Good point. I didn't know what formulation had been used for millennia. And I guess because I'm compulsively curious and experimental,. But also when I experimented I liked the jewel-like quality of the pigmented carnauba. I wanted to see if I could get a tough film without yellowing for low pigment volume concentrations. If the yellowing of dammar at 20% is not very noticeable I might be trying to solve a problem that doesn't exist.
If I want a tough clear film with no yellowing for low pigment concentrations acrylics might be a good idea.
Also, a thin enough application of 100% carnauba and pigment absorbed into the gesso so that I could hardly mark it when I scratched it with my fingernail.
This is an older thread but I just received this very detailed reply from Richard Frumess, owner of R & F Encaustics:
I don't know if you're familiar with the
painter, Rifka Angel. She painted in encaustic from as early as 1932
until her death in 1988. It is possible to consider her as perhaps the
first encaustic painter in the US to consistently use the molten wax
method (as opposed to saponified wax or wax in oil paint). However, she
used, according to sources, carnauba and montan waxes rather than
beeswax -- two extraordinarily hard, high melting point waxes. Having
organized an exhibit of her work in our gallery in 2005, I found many of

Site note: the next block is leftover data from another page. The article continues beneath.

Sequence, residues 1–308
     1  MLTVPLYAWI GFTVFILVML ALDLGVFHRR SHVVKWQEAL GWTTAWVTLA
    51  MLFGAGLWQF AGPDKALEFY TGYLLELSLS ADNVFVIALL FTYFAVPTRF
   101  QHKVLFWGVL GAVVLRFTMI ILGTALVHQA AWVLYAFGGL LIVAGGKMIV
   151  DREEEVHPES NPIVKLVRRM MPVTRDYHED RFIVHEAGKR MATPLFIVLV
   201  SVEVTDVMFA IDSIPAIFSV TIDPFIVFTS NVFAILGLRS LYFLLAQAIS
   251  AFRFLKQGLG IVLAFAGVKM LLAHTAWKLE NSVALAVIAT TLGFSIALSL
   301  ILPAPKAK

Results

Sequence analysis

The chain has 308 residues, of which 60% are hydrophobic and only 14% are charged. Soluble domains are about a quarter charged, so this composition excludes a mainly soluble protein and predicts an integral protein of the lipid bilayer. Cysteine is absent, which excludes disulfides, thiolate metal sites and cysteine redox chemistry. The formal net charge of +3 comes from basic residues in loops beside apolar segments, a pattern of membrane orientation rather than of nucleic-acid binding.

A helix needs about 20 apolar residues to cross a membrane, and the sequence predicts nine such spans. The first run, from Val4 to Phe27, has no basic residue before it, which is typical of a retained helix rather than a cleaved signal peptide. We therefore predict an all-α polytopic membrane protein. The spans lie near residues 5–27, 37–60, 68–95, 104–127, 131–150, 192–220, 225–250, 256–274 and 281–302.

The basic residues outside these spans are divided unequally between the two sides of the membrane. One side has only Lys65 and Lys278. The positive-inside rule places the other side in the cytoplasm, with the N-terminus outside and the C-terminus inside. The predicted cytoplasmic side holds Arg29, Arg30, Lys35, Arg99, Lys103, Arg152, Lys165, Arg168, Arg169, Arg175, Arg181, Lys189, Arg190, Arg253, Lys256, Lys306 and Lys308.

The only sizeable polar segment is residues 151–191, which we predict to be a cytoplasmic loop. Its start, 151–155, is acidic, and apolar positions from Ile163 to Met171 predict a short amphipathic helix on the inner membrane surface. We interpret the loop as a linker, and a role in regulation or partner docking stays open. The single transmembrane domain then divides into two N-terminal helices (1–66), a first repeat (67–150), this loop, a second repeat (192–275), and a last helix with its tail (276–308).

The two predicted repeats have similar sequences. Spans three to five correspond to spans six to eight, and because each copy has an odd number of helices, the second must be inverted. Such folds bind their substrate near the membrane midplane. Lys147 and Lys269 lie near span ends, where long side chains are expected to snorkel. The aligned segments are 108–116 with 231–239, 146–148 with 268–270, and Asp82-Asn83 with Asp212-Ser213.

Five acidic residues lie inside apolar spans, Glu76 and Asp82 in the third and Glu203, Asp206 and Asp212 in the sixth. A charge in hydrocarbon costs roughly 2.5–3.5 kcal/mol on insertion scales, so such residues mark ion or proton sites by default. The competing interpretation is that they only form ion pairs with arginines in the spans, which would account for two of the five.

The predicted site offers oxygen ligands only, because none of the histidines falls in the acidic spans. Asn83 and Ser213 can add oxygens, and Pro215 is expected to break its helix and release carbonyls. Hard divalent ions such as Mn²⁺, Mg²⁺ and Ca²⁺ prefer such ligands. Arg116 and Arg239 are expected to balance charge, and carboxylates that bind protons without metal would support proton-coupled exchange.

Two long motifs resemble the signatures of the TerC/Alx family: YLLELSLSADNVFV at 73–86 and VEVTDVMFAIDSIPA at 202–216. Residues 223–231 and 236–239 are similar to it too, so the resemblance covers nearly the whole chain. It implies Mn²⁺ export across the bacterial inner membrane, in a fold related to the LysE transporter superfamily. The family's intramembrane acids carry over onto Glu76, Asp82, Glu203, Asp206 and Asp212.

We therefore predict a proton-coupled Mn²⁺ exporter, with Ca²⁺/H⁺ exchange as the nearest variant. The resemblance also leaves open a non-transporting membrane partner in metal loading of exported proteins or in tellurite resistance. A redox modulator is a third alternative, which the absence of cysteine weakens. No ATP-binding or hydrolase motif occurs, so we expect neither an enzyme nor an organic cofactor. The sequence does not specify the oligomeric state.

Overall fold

the paintings to be highly fragile. In some cases, large areas flaked
off during transportation. Both the natural brittleness of the waxes and
the difficulty in adequately fusing the paint without blurring the
definitions of her composition would have contributed to its fragility.
Carnauba as a hardener.
You mentioned carnauba as a hardener for beeswax. We've done comparison
tests between added damar resin (no solvent) and added carnauba. Damar
resin, added incrementally increased the hardness of the beeswax
incrementally; whereas carnauba added incrementally increased the
hardness geometrically, going from hardening to cracking the beeswax
with only a slight increase in the amount added. We therefore hesitate
recommending its use as a hardener.
Pigment as a hardener. However,
a large contributor to the hardness of encaustic paint is the pigment.
Some pigments make the paint film fairly soft, others make it quite
hard. We did an 8-year test of several colors and were able to determine
that, while they all go through a curing (hardening) process, that rate
differs among the various colors.
Yellowing effect of damar. The
yellowing effect of damar on encaustic that you mention is noticeable
mostly on the unpigmented medium. We've done tests in which we placed
two sets of panels in different light settings to see the affect that
light had on them. One set of panels was coated with white
filter-bleached beeswax. The other was coated with encaustic medium (9
parts filter-bleached beeswax to 2 parts damar resin by weight) which is
slightly yellow. The films were drawn down to a 10 mil thickness. One
panel from each set was placed in a window sill receiving indirect
sunlight. Two others were placed on a wall receiving ambient fluorescent
light. The remaining two panels were put in a drawer. After several
months they were compared to freshly coated panels.
Window light. The